Finally, it's possible that the mold, mixing cup, or stir stick was contaminated with something that keeps the resin from curing properly. Make sure everything is perfectly clean & dry before you start.
Reply to
Wayne C. Morris
I've seen a separate additive in craft shops that's supposed to fix that problem with polyester resins.
Reply to
Al Superczynski
Thanks for all the replies, the actual part does cure solid, its just the surface always stays tacky, i tried with one of them to heat it up with a hair dryer for quite a while, but that made no difference as it still stayed tacky on the surface. Ill try adding more catalyst when i next have a nother try at it.
The resin is polyester, the instructions say upto 4% catalyst can be added, but its quite hard working out the catalyst, since the resin is liquid and the catalyst that came with it is a paste.
Reply to
I'm not 100% sure, but I think that clear polyester resin is always tacky when it cures in contact with air. Perhaps you can apply a small piece of plastic foil to the surface of the resin while it cures, or alternatively, add another mold part to make a closed mold. Good luck!
My models:
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Reply to
Rob de Bie
This is half-forgotten lore from my long-vanished childhood, but isn't there a waxy additive you can add which migrates to the exposed surface and seals it off, permitting the resin to cure fully?
Steve H
Rob de Bie wrote:
Reply to
I've experienced the same problem. IIRC the hardener actually evaporates from the resin right at the surface (on open molds), so the resin will remain tacky.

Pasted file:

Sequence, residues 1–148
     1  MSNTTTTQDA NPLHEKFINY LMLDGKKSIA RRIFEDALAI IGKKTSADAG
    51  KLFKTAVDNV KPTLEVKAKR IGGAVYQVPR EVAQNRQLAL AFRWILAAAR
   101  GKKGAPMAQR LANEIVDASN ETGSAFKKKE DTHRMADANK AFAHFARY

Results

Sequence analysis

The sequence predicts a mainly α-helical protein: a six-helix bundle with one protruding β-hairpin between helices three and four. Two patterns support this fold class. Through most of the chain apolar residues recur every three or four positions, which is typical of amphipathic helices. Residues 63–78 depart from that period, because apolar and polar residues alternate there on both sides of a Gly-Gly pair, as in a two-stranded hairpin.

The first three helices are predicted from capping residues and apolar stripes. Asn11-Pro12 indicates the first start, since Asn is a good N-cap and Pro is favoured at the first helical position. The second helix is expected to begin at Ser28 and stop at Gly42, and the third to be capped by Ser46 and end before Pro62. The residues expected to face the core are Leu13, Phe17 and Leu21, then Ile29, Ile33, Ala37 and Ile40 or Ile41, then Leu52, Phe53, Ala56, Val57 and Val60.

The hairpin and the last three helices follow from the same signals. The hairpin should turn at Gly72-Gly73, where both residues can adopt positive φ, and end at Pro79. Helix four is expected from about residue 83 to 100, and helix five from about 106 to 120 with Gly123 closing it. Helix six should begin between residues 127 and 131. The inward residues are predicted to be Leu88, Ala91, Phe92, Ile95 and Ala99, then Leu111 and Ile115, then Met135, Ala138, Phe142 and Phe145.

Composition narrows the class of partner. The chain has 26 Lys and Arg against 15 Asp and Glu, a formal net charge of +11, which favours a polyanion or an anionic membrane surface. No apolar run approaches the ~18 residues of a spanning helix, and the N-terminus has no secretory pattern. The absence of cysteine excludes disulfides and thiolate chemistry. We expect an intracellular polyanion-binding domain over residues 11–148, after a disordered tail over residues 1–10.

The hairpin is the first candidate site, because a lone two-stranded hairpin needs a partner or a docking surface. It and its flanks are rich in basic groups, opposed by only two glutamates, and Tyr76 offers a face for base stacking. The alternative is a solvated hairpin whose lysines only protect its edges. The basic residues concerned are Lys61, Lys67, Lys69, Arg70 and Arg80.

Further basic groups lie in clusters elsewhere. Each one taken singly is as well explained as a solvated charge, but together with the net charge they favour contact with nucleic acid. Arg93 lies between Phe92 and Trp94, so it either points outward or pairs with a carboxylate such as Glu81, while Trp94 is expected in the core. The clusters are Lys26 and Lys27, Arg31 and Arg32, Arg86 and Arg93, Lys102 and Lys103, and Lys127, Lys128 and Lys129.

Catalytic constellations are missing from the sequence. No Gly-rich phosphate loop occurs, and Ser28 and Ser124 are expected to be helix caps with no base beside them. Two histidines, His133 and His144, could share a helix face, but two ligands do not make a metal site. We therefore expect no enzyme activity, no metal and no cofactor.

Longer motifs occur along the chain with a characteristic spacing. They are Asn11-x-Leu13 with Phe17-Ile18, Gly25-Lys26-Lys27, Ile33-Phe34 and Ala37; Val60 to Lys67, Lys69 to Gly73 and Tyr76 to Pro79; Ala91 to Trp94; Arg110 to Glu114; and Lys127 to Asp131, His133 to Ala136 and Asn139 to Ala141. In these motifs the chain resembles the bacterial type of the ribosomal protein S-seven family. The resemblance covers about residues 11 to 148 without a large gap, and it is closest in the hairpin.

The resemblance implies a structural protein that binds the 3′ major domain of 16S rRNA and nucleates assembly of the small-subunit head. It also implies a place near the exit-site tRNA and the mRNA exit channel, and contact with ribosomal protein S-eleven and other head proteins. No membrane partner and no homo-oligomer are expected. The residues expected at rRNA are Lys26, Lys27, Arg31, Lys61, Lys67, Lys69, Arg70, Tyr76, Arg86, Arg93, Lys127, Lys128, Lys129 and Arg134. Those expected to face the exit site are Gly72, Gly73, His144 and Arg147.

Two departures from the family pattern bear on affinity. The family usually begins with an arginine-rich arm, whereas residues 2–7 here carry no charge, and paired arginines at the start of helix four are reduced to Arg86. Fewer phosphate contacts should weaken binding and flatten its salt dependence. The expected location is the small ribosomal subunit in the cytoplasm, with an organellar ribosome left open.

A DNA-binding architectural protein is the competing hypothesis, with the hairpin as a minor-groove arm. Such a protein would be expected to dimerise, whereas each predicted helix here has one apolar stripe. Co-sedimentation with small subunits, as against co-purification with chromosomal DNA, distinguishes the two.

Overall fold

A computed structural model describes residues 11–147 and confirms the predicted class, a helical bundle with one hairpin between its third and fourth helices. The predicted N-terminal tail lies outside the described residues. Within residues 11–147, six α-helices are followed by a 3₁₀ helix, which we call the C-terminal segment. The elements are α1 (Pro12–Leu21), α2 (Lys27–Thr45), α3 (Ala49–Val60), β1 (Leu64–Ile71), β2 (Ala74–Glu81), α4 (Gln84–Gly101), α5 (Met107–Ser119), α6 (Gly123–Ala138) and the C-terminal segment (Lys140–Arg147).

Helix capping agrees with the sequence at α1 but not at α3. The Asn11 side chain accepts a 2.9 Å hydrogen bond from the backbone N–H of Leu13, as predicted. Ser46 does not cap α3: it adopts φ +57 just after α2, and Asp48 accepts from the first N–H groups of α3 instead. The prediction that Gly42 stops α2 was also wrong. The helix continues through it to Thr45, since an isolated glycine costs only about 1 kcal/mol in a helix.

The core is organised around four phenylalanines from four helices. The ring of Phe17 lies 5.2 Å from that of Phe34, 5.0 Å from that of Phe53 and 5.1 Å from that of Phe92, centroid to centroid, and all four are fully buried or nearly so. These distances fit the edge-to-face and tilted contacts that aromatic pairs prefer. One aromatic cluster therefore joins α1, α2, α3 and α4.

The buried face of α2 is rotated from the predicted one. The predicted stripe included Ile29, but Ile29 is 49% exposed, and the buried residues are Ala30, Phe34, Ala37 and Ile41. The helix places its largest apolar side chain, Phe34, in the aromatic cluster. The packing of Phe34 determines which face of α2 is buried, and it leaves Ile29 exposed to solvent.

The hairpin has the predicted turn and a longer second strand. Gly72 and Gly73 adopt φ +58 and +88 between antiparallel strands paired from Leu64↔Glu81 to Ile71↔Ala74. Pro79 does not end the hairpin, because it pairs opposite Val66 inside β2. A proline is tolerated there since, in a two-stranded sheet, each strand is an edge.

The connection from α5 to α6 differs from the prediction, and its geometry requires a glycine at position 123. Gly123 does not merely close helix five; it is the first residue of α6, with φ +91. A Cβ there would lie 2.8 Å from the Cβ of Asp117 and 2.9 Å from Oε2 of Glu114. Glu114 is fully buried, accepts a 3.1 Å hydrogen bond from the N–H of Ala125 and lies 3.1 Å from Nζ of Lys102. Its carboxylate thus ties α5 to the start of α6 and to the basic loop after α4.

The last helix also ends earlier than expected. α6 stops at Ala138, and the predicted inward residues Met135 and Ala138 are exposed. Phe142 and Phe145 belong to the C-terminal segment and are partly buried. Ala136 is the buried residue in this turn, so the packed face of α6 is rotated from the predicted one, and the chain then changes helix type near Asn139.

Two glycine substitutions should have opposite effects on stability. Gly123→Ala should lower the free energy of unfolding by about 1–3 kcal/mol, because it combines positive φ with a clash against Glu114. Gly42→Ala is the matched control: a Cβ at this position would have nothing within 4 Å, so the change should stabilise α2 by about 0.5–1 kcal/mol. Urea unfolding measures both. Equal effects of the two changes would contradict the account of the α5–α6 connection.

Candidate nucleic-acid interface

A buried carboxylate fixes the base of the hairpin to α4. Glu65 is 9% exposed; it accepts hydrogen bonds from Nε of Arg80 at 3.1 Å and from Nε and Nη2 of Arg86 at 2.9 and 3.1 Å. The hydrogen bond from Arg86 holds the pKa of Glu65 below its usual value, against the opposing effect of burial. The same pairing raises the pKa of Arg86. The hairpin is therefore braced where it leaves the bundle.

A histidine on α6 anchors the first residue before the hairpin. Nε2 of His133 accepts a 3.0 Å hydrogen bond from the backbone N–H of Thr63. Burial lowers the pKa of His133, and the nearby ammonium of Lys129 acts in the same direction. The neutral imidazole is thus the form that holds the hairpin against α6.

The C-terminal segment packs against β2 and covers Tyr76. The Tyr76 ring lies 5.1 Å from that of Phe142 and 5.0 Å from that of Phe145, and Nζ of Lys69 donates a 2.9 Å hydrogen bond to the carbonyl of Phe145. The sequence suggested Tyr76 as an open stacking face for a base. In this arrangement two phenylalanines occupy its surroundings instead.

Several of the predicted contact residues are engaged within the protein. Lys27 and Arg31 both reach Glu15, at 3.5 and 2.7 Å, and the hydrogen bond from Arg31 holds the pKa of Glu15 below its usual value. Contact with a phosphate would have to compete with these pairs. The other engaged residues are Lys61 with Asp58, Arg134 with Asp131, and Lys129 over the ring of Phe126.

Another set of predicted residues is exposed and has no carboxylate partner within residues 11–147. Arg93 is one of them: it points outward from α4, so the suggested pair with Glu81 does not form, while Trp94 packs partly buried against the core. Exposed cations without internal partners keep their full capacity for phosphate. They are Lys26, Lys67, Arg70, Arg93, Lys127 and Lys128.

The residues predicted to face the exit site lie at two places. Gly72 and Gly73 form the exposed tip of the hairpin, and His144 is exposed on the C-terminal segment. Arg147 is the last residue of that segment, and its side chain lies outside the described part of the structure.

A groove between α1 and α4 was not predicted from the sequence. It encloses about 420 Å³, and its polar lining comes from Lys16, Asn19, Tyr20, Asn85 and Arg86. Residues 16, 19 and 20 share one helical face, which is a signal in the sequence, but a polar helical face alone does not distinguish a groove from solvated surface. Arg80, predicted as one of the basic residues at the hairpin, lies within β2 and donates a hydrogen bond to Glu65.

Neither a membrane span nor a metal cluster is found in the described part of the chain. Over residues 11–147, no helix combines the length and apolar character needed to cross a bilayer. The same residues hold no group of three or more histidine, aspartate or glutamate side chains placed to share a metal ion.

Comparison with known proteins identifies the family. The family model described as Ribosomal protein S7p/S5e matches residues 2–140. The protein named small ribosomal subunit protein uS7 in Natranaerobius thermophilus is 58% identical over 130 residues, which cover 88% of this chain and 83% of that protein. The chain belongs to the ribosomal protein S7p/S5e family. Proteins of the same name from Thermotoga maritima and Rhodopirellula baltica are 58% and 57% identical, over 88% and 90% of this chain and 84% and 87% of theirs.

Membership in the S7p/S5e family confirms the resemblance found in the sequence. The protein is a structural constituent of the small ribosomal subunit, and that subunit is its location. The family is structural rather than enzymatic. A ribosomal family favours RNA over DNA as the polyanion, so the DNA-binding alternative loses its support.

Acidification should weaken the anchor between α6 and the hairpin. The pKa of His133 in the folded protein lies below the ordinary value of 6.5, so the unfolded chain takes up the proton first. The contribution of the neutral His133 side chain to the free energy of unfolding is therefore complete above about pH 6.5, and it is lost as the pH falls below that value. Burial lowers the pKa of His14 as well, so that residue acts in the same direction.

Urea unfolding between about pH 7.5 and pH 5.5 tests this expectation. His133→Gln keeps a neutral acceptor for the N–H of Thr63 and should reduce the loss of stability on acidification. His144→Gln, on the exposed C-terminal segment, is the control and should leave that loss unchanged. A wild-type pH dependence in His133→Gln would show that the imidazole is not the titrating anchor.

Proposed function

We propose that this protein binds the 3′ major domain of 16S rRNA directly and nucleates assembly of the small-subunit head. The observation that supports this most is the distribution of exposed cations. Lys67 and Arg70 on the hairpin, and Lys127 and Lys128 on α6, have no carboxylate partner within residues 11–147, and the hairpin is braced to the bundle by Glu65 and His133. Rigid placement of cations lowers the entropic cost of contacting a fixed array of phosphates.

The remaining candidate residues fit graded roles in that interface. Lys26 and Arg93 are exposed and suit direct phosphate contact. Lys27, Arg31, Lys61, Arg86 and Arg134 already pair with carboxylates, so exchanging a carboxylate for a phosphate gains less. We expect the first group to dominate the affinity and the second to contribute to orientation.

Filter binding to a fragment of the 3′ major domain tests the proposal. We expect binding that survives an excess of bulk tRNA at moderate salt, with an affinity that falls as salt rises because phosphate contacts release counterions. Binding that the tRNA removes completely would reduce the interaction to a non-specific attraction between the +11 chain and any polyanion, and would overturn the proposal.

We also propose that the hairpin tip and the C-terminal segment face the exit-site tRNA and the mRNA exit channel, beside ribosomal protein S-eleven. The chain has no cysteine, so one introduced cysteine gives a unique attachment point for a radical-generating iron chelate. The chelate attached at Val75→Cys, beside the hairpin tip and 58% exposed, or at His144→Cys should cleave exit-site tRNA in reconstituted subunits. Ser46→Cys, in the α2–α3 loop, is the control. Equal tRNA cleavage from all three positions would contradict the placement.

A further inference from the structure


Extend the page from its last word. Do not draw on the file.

Like Rob said - try to tightly cover all exposed resin. That might help.
You might also try to carefully brush some hardener onto the tacky areas. That might "kick" the resin over.
Reply to
Peter W.
If there was a simple answer to this, you would find more than just Meteor doing clear casting for models. Dave guards his "secret" very closely, but since we see relatively few clear parts from him, I suspect he is still swimming upstream with the process. But he is far ahead of the rest of us.
A few years ago I embarked on a rather intense search for a workable clear casting resin. I had the help of a major distributor of casting materials and after trying a dozen or so different brands the end conclusion was that none of them would make satisfactory parts.
The tackiness you have described seems to be a mark of the species. I, nor several other people whose casting expertise I respect have ever solved the problems associated with clear casting as applied to model parts.
The real mystery for me is that the same material would do different things with each pour. Once in a while it would behave and we would get good looking parts, and the next pour was back to the same mess.
Reply to
Norm Filer
There is a simple solution to the "tacky polyester" problem.
Use one of the urethene resins instead. Like one of the "crystal clear" ones from
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No sticky mess! That is the secret! :-)
Reply to
Peter W.